‘A fool with a tool is still a fool. Human complacency continues to leave businesses vulnerable."
That's the blunt assessment from NTT Security's SVP EMEA boss Kai Grunwitz.
And considering the vantage point that the Japan-headquartered cybersecurity services firm has over the market, that should be a sobering warning for any firm.
As a tier-one internet provider, NTT Group has visibility over 40 per cent of all global internet.
"We really benefit from that," Grunwitz said.
"We are a large part of the foundation of the internet. It gives us a view over a vast amount of data, which we analyse."
That analysis happens at ten global SOCs, one of which is in Sweden's second city, Gothenburg.
CPI was given access to all zones of the SOC (pictured), from which 3.5 trillion logs are analysed annually.
From this data, NTT has highlighted the most common verticals that cyber attackers target.
In EMEA, the financial sector accounted for 30 per cent of all attacks over the last twelve months.
Last year's most attacked sector, business and professional services, is now in the number two spot, being victim to 20 per cent of incursions.
Ransomware remains a potentially "business-ending" threat
The tech sector accounted for 17 per cent of attacks.
For tech firms, NTT Security said that the goal of many attacks is to gain access across networks to look for IP, source code or finance streams, and the popularity of IoT is a growing vulnerability, as more attack points join the network.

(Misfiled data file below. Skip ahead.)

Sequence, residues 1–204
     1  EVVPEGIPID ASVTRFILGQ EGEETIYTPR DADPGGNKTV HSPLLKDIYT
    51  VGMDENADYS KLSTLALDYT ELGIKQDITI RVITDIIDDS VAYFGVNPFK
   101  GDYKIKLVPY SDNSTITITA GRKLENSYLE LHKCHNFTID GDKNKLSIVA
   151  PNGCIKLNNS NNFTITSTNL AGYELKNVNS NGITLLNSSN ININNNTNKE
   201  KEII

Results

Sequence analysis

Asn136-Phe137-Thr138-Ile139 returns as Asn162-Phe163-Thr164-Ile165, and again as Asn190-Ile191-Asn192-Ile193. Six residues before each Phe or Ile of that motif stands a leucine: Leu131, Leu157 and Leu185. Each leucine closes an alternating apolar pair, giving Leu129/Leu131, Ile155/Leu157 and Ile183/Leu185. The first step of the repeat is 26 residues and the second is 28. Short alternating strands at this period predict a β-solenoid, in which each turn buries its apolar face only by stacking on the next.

As far as types of attacks, despite the fact that ransomware levels dropped last year, NTT Security is clear that it remains one of the most common cyber threats, and crucially, one of the most likely to be "business-ending".
"People are still underestimating ransomware," Grunwitz said.
"And businesses do not have an integrated strategy in place if their systems are attacked and a ransom is demanded. Have they decided if they will pay?…If they demand payment in bitcoin, do they have a bitcoin account?...These are questions that need to be asked now…The worst time to make these plans is after a breach."
It's a message that MSP software provider Datto shares. Earlier this month it cautioned SMB firms in particular for believing they are immune to ransomware because of their smaller size.
Botnets and malware also remain among the most common malicious attacks.
SOC director Fredrik Westerdahl explained that his team's 30 analysts analyse 10,000 alerts every day.
"Out of that, there are around 10-50 validated incidents a day. Last year there was more botnet activity, so there were around 100-150 validated incidents a day….However it is still a threat."
"Attackers are getting better funded and more sophisticated
"200 days is average time of detection - that is way too long. You need to bring that don't minimise the cost of the breach."
The value of SOCs
It's unsurprising that NTT Security argues that he answer to this proliferation of cyber threats is for firms to invest in SOCs, specifically, its SOCs.
NTT Security's parent company is a global behometh. NTT Group includes Dimension Data, NTT Comms, NTT Data Sevices, Itelligence (all of which will be integrated under one brand this July), which together boast revenues in excess of $106bn.
It claims that the "internet visibility" it has as a tier-one ISP gives it its edge over cyber attackers, and over its rivals.